Citizenship and Immigration

Elizabeth May: Mr. Speaker, anyone who has visited Saanich—Gulf Islands will know that it is an extraordinarily beautiful riding, but it is not known for being particularly multicultural or ethnically diverse. Therefore, I find it astonishing that 85% to 90% of the constituency cases that I have relate to immigration matters because the system has become increasingly complex. As the member for Vancouver Centre just said, the system has become increasingly focused on picking and choosing people who are wanted for a commercial basis. We have abandoned family reunification.

I have one constituent whose wife, who came from Australia, had been waiting for quite a long time for her permanent residency. In fact, it was to the point where she was exactly nine months pregnant. Immigration Canada told her she had to get back to Australia. Medically, it was not safe for her to fly at that time.

We hear heart-wrenching, horrible cases all the time, even in my riding which is not particularly ethnically diverse. These cases take up most of my constituency staff’s time.

It would be an inefficiency to make this system so extremely arbitrary and so extremely unfriendly to family reunification and to new Canadians who want to live here. I would ask my friend for her comments.

Hedy Fry: Mr. Speaker, indeed, Vancouver Centre has large new immigrant populations that have been coming from eastern Europe, from parts of Africa, from Latin America, and we see this. I have one staff member in my constituency office and that is all he does. We have watched the number of cases triple and quadruple since the government came to power and most notably within the last three years.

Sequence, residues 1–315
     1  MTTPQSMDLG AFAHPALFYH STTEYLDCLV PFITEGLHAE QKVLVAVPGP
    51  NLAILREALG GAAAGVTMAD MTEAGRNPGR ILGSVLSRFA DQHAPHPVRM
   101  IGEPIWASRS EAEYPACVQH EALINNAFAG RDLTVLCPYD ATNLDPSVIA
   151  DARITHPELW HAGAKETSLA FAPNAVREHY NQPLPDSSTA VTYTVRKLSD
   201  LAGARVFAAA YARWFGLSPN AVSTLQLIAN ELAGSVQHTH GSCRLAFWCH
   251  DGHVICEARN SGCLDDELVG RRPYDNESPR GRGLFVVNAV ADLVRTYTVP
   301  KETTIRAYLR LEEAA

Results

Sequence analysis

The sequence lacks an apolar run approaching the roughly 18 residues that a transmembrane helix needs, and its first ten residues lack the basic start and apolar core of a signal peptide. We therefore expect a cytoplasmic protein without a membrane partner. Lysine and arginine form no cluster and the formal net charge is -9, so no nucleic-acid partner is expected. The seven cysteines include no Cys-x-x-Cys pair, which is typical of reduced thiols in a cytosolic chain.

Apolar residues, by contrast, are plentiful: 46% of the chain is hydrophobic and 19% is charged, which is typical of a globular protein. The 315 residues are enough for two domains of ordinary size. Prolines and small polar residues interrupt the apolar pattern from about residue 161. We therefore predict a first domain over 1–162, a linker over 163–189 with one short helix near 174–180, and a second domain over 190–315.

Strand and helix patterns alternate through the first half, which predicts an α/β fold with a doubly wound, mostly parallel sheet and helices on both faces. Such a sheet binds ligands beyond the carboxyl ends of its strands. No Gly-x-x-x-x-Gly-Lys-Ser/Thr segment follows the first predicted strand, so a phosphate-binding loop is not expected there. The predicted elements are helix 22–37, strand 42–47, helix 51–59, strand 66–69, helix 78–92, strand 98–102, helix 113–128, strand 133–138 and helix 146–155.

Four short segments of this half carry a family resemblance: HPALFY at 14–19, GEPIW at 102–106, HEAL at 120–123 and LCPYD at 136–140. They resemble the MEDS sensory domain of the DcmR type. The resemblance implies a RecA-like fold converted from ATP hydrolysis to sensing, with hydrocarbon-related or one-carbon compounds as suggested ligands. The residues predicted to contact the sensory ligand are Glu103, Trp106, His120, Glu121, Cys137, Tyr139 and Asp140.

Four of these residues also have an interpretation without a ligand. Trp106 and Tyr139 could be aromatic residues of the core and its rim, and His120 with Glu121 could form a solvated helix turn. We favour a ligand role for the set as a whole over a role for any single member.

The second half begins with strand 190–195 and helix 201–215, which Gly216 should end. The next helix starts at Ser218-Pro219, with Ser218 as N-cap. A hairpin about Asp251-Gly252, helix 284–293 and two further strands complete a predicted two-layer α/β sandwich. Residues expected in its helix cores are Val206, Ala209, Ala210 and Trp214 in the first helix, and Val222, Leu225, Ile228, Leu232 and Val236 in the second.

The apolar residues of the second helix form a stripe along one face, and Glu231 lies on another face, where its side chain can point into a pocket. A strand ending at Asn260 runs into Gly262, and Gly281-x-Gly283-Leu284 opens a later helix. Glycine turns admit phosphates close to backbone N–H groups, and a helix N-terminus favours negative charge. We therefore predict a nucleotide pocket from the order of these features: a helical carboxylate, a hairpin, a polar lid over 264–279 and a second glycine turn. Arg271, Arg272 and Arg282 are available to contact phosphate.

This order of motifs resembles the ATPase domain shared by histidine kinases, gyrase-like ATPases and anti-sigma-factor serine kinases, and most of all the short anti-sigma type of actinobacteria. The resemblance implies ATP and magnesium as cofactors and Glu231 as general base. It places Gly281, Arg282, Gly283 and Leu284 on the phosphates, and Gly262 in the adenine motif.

The stories really are heart-rending. Canada is becoming known as a country with no compassion. It used to be that we were a country of compassion. It has become a country in which people feel we are not fair, that we want to keep certain people out and we want to bring certain people in.

I do not think this will not bode well for us as we try to increase trade with certain countries that today are down, but tomorrow will be up. Even if we looked at it from a purely pragmatic and economic point of view, that ability to trade with other countries depends on how they view us.

Do they see us as that kind of gentler nation? Do they see us as that compassionate nation? Why do people want to come here? It was because of the reputation that Canada had as a place where people had opportunity, they could grow and they could be anything they wanted to be. They could bring their families and put down roots. They could be the prime minister, a minister or anything they wanted to be.

This Canada is fast losing that reputation. It is very sad. I came here because I believed in this country, and I am finding myself feeling extremely sad about what is happening.